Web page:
Wednesday, September 12, 2012

Operation Pendulum


Quite often I have faced this question, about me being calm, patient and me facing almost every situation with a wide smile. Today, am on my way to reveal that secret of mine, also a little tribute on my part to the man to whom I owe this quality. A man admired and idolised by a huge part of the world for some other quality he acquires, I opted his patience to be admired (I do admire his most known quality too and believe I can remotely be an ounce of what he acquires).

It was not very long ago, I was very young then. There was arrogance in all I do, and there was impatience and impertinence. I remember that day very clearly, January 17, 1997, one of the most special days of my cricket playing days.  It was a match day as we call it. We were divided into two teams to play against each other for selection purpose. And before going into the match, it was made clear to me, however good or bad I perform, my selection is impossible, I was ripped of my wicketkeeper’s slot, asked to vacate my no 3. position and bat down the order to make things more clear. A lot of things were running in my mind, I didn’t know, what was the feeling, all I knew is, I have to go in and play. At the end of the opposition innings, we were needed to score 173 runs within a day and a little to bat on.  Our innings started, and within 7 over’s we were reduced to 28 for 2 wickets.  And that same moment, my impatience erupted again, so much so that I went in to bat without even looking at who is in next. Thankfully we tackled the rest of the day without any further damage, and I could remember the ball hitting me twice on my wrist, the pain (it was a January afternoon) and the tough looks at the dressing room.  The pain was horrible, and the discussions were such that I would not go in to bat the next day because am injured. At that point of time, I started to think the same.

And that was day, while at home, I put on the television, I saw a legend emerging to trigger a change of scenario of Indian Cricket for next decades to come.  That was the second day of 3rd Test between India and South Africa being played at Johannesburg. I saw a gentleman named Rahul Dravid, scoring a patient; gritty and hardworking 148 against a scintillating South African pace attack and change my life forever. For I started to believe in the power of patience and hard work. Next day was my day probably (not talking about my heroics here). I headed to the dressing room, padded up, and yes waited for my batting partner to get ready (one thing I never used to do before!) and went out to bat. We batted the whole day, sailing towards the target, and to my awe I never attacked the ball, even if it was a wayward one. And just when we needed 3 runs, my excited batting partner came up to me and said, “It’s your game mate, hit it!!!” It was only then, I gathered all my strength and hit a stellar six. And as I saw some of my young teammates running towards me, I stood my ground, strangely, for a person known for his after match reactions, screams and antics.  Later, when we all walked backed to the dressing room; I saw tough looks being changed to its smoother replica. I packed my kit, looked at the celebrating team and walked away holding my head high, and promised myself to never enter that particular dressing room ever. And that was the beginning of what I am today, patient and calm.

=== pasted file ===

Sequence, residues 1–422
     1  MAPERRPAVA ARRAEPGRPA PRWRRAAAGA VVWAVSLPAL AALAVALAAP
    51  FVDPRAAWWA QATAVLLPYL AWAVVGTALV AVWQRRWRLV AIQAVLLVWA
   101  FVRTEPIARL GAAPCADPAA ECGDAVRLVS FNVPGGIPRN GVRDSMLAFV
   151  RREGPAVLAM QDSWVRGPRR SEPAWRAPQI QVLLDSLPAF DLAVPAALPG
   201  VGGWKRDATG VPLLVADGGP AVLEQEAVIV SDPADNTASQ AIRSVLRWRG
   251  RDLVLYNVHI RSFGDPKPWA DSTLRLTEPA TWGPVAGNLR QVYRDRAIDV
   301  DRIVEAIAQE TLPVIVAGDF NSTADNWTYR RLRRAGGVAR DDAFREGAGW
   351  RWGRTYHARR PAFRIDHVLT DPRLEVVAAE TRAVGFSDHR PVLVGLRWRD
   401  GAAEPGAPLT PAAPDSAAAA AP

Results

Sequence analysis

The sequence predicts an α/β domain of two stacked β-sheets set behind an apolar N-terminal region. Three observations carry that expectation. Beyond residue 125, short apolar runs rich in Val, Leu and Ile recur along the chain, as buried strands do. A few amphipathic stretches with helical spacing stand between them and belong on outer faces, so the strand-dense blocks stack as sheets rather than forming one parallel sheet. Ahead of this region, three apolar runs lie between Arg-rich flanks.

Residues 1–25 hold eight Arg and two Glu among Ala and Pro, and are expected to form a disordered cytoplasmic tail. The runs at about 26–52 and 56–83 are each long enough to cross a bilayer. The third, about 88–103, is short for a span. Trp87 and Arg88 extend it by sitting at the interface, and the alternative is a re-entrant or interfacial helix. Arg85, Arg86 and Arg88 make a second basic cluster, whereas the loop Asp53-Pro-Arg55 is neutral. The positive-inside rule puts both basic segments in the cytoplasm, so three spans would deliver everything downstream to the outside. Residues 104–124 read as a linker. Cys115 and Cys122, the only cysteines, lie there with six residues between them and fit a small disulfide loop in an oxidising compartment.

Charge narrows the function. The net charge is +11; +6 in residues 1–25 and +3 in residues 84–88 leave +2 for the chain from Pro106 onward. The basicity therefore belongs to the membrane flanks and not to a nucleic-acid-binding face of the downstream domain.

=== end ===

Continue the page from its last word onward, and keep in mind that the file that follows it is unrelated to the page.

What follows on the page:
I don’t know, if someone whom we have never met, or have a very remote probability of meeting in this life can ever change someone’s life forever. But this gentleman named Rahul Dravid unquestionably did change my life forever. Take a bow Sir! Probably you played a pauper when the Prince was roaring, played the second boy of Indian Cricket when the God of Cricket was hitting them to the stands and played the second fiddle when the Very Very Special was building monuments, but for me you are a true hero, not only for all the cricketing skills you master and your contribution to Indian and World Cricket, but for all the times of patience, consistency and calmness, for all the times I could look up to you and regain my self belief. Take a bow Sir!

P.S. I’m sure, the ‘my story’ part of this write up is very confusing. What I want to denote through this is not my heroics but a small message that actually inspiration can be gathered from anyone and anywhere. We just have to look around to see it smiling at us.

2 comments:

Ritu Srivastava said...

first time, i liked your blog, not becoz that the blog has been written by you, but becoz it is about my favorite player & love RAHUL DRAVID ....

Priyankee Saikia said...

It's true... life's lessons are learnt from fleeting events as well as from major incidents. Nice work.